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In the last decades, there was a notable progress in solving the well-known Boolean satisfiability (Sat) problem, which can be witnessed by powerful Sat solvers. One of the reasons why these solvers are so fast are structural properties of instances that are utilized by the solver’s interna. This thesis deals with the well-studied structural property treewidth, which measures the closeness of an instance to being a tree. In fact, there are many problems parameterized by treewidth that are solvable in polynomial time in the instance size when parameterized by treewidth.
In this work, we study advanced treewidth-based methods and tools for problems in knowledge representation and reasoning (KR). Thereby, we provide means to establish precise runtime results (upper bounds) for canonical problems relevant to KR. Then, we present a new type of problem reduction, which we call decomposition-guided (DG) that
allows us to precisely monitor the treewidth when reducing from one problem to another problem. This new reduction type will be the basis for a long-open lower bound result for quantified Boolean formulas and allows us to design a new methodology for establishing runtime lower bounds for problems parameterized by treewidth.
Finally, despite these lower bounds, we provide an efficient implementation of algorithms that adhere to treewidth. Our approach finds suitable abstractions of instances, which are subsequently refined in a recursive fashion, and it uses Sat solvers for solving subproblems. It turns out that our resulting solver is quite competitive for two canonical counting problems related to Sat.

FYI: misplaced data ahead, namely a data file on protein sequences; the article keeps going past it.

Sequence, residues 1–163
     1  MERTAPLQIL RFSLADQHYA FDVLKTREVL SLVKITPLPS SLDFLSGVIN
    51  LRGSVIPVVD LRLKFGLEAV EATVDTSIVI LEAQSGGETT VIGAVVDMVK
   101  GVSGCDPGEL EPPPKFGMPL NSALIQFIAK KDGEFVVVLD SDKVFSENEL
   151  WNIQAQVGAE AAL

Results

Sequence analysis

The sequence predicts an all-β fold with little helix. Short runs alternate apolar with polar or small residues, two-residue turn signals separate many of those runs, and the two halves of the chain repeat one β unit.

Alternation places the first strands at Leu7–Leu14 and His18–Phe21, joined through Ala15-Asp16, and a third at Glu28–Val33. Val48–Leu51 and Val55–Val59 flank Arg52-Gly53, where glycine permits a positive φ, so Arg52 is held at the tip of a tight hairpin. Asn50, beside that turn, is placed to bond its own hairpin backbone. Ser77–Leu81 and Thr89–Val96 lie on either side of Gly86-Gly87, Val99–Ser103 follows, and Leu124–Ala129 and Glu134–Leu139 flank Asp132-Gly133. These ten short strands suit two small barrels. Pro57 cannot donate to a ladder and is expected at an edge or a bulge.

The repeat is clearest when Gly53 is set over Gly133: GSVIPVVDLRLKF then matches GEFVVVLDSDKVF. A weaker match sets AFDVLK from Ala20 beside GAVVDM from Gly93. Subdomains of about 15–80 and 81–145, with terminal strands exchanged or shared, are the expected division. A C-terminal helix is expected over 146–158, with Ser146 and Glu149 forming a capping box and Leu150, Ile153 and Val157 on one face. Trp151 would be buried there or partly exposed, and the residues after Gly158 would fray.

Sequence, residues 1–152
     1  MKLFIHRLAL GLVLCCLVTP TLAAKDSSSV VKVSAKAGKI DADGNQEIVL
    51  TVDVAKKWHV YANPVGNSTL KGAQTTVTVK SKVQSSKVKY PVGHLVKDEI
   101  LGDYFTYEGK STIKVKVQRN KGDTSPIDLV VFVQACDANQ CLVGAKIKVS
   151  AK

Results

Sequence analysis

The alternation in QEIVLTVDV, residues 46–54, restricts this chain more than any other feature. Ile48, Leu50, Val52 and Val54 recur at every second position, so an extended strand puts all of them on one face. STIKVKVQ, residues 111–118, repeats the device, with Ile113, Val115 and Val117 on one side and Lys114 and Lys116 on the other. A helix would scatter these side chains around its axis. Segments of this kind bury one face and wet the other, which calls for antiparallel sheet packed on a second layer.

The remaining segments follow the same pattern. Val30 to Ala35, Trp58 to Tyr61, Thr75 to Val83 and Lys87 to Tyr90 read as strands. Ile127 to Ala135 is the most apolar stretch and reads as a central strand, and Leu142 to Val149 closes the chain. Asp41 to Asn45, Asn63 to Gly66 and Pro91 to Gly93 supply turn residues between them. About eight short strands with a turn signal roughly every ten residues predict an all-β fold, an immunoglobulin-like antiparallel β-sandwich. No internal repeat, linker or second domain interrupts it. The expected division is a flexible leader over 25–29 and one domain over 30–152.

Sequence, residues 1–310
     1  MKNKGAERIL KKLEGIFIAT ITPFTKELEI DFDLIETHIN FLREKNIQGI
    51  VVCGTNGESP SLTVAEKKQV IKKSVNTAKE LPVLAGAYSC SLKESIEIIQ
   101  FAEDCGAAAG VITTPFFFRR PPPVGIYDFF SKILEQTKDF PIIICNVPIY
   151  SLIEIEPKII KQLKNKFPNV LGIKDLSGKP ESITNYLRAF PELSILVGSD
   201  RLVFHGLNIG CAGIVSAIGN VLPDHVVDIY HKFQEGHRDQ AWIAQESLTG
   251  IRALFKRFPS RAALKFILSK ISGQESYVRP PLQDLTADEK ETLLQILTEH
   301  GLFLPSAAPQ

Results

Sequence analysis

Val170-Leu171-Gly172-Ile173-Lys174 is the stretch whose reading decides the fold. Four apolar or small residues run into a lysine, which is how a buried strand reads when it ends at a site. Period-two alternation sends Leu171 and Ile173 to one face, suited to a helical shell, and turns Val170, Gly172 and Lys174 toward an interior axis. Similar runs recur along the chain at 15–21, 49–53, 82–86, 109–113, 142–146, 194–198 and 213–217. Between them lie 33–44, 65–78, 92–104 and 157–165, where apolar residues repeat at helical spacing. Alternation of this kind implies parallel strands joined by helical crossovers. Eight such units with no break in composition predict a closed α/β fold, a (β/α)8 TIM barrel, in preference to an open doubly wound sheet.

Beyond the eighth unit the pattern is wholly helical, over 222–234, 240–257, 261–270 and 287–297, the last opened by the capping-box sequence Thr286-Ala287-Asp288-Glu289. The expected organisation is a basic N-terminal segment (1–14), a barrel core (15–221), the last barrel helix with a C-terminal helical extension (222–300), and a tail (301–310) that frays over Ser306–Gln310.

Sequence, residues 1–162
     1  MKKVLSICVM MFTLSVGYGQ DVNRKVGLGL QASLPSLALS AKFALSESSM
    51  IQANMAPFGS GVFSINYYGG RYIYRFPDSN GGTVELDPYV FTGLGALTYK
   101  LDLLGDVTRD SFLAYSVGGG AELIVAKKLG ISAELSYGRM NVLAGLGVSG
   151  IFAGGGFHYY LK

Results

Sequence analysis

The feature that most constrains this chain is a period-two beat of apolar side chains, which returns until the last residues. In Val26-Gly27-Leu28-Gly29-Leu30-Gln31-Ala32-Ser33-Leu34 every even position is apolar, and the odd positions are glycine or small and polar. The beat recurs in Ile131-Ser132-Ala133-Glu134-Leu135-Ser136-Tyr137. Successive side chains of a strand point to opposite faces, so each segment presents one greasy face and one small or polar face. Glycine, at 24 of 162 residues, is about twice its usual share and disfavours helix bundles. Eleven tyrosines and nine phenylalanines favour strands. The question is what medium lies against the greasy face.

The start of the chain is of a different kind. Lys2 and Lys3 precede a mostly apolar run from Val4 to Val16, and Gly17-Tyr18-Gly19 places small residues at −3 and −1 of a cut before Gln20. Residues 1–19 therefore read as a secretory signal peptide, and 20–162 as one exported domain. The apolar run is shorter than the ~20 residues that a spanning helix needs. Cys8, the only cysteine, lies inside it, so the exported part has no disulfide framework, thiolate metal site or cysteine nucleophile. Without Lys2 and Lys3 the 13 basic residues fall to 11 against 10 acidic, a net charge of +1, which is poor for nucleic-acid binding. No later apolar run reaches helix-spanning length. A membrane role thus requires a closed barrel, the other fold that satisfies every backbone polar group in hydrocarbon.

Discriminative Models for Biometric Identification using Micro- and Macro-Movements of the Eyes
(2021)

Human visual perception is an active process. Eye movements either alternate between fixations and saccades or follow a smooth pursuit movement in case of moving targets. Besides these macroscopic gaze patterns, the eyes perform involuntary micro-movements during fixations which are commonly categorized into micro-saccades, drift and tremor. Eye movements are frequently studied in cognitive psychology, because they reflect a complex interplay of perception, attention and oculomotor control.
A common insight of psychological research is that macro-movements are highly individual. Inspired by this finding, there has been a considerable amount of prior research on oculomotoric biometric identification. However, the accuracy of known approaches is too low and the time needed for identification is too long for any practical application. This thesis explores discriminative models for the task of biometric identification.